So, circling back to the point of all this. Was I able to gain a six-pack in two weeks? In a word, no. However, there are other factors at play. The boys suggest completing this workout 2 - 3 times a week, for the two week period. Being honest, I wasn't able to stick to this. I visited the gym, yes, but I have my own program to work through first, which also includes some core work. On more than one occasion I just didn't have the energy to put myself through another 10 minutes of
I completed the workout to the best of my ability four times, and admittedly, I did find it slightly easier each time. I took on board the advice about using the breath to aid with movement, and there's no doubt my core strength improved. I can certainly feel muscle beneath my layer of belly fat, so maybe if I was to continue using this workout, I would gain a six-pack.
[caption id="attachment_290231" align="aligncenter" width="736"] These Russian twists were one of the easier movements, and I certainly felt I had more control over my core.[/caption]
Therein lies another factor, however: belly fat. You could perform just core workouts for your entire life, but if you have a generous layer of belly fat covering them up, you're never going to be able to show them off to the world. Shedding body fat could be an easy process, or a hard process for you, depending on your body type. Ectomorphs will find it easiest, but then they also find it harder to put on muscle.
Endomorphs meanwhile put on fat much easier, and therefore find it harder to lose. As we've seen before, the key to losing fat is to build up your muscle, although many choose to go down the cardio route of running, walking or cycling their way to a slimmer body. These methods do certainly work, but you also run the risk of losing some muscle in the process.
Something else to consider is the fact this workout is coming via a YouTube video, and not personal, one-on-one training and guidance. Michael Ramsey, co-founder of Strong, a new style of high intensity workout that combines pilates, cardio and rowing into a full-body workout, says this doesn't necessarily mean a bad thing. "YouTube tends to work really well when you/the consumer, has a base level fo fitness and a basic understanding of movement. No doubt there's some extremely successful and trustworthy 'YouTube' trainers publishing content, however there's no screening process and an equal amount of rubbish getting published online."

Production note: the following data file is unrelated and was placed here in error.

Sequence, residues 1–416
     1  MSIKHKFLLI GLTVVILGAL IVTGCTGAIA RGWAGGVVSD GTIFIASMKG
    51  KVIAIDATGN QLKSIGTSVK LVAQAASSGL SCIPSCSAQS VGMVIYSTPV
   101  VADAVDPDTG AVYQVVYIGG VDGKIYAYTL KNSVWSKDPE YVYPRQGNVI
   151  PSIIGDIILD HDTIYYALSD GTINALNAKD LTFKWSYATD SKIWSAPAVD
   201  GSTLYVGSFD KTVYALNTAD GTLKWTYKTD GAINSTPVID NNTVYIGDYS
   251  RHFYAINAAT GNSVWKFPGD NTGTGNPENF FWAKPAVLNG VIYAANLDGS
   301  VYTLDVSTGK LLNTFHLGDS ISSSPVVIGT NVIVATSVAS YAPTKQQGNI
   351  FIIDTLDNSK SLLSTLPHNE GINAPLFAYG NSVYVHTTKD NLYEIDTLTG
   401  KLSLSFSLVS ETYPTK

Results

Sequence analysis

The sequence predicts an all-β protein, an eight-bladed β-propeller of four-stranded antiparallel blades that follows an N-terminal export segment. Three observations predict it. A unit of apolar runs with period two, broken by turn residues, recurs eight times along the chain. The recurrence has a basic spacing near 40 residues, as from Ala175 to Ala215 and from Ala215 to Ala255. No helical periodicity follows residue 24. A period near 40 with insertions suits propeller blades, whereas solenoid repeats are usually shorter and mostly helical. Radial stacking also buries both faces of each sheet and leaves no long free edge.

"It's important to read reviews, comments and search for success stories before committing to an online trainer. If you're starting from the bottom I'd recommend getting some fact to face guidance to at least learn the fundamentals and correct form."
As for whether Michael believes it is genuinely possible to obtain a six-pack in two weeks, he replies with a resounding, "NO".
"A good '6-pack' generally comes from losing visceral fat (fat around the stomach) which particularly in males is the last spot you lose fat from. This is done through consistent training and eating in a calorie deficit."
Echoing our earlier comments, he adds, "On a deeper level, proper nutrition, a solid training program, 6-8 hours of sleep per night, 3-4 litres of water per day, and some mobility work throughout the week will get you to not only your goal of a 6-pack, but feeling healthier and better in general."
I'm going to attempt to keep adding the Smith brothers' workout into my routine as much as possible. Even if it takes me much longer to see what can be described as abs poking through my stomach, at the very least my core strength will improve.
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The post I Believed I Could Get Six-Pack Abs In 2 Weeks. I Was Freaking Delusional. appeared first on DMARGE.